News Street Vending

Busting Myths About Street Vending

In a strange coincidence, New York City’s two tabloids, the Post and the Daily News, have unleashed a onetwo punch against street vendors this week.  In depicting vendors as unsanitary scofflaws and freeloaders, these articles use a few atypical examples to mislead the public and turn opinion against vendors.

The Post got things started on Monday with an item about vendors who “rake in the bucks” but “don’t pay a cent for rent.”  The article highlights several long-standing vendors who have lucrative, high-traffic locations in Manhattan, but supposedly pay only $200 for their right to vend wherever they please.

Vendors and their supporters gather at a licensed commissary with the Street Vendor Project.
Vendors and their supporters gather at a licensed commissary with the Street Vendor Project.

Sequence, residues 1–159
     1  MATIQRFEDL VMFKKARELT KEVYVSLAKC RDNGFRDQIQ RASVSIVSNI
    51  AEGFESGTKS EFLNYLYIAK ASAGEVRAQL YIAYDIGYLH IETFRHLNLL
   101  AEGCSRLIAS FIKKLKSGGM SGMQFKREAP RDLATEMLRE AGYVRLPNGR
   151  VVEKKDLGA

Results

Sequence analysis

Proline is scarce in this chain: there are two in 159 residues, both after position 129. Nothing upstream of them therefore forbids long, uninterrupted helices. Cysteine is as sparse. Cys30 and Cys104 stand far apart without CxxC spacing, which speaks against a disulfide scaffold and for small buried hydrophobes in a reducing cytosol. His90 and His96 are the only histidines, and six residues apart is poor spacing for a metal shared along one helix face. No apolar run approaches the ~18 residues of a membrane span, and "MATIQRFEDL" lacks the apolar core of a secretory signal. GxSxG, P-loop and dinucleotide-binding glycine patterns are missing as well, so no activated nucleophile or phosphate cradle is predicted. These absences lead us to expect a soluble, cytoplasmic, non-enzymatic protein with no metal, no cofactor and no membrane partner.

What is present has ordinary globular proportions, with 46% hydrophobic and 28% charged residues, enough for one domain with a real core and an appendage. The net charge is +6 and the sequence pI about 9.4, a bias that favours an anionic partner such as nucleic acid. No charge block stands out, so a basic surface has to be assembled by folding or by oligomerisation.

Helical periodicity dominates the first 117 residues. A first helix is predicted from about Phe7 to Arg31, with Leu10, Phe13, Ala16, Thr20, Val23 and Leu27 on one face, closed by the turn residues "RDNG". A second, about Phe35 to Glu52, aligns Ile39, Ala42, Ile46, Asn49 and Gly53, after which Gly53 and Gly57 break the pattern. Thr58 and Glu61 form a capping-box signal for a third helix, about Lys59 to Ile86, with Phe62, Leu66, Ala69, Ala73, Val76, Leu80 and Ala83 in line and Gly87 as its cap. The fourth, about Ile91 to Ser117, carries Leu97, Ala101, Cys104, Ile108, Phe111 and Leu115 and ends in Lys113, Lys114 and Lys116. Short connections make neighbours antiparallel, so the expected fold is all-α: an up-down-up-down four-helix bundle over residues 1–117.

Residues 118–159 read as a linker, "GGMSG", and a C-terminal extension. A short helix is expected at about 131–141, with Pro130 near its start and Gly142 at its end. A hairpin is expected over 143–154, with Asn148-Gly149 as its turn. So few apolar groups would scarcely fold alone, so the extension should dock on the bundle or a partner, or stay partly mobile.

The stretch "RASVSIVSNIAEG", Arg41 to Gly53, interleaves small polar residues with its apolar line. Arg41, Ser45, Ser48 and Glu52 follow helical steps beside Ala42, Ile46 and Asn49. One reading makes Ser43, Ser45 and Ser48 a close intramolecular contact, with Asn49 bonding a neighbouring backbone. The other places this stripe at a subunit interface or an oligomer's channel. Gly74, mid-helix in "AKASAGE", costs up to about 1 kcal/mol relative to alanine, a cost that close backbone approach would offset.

The Daily News takes another tack, pointing out the millions of dollars in unpaid fines that vendors have accumulated over the past few years.  Based on thousands of reports from the Department of Health, the article implies that all street vendors “run the gamut of gross — bugs in the grub, working with grimy hands or storing food at improper temperatures.”  They use as their poster child an Egyptian-born vendor in Brooklyn who recently moved locations to “escape city inspectors” after receiving a violation.

These articles are, unfortunately, pretty par for the course from these dailies.  The hard work and quality food of vendors, or the broken and unfair system that targets the most vulnerable businesspeople in the city, is rarely part of the story.  All we hear about is how vendors are pulling a fast one on ordinary New Yorkers, working rent-free and ignoring their tickets while they endanger our lives.

So let’s set the record straight.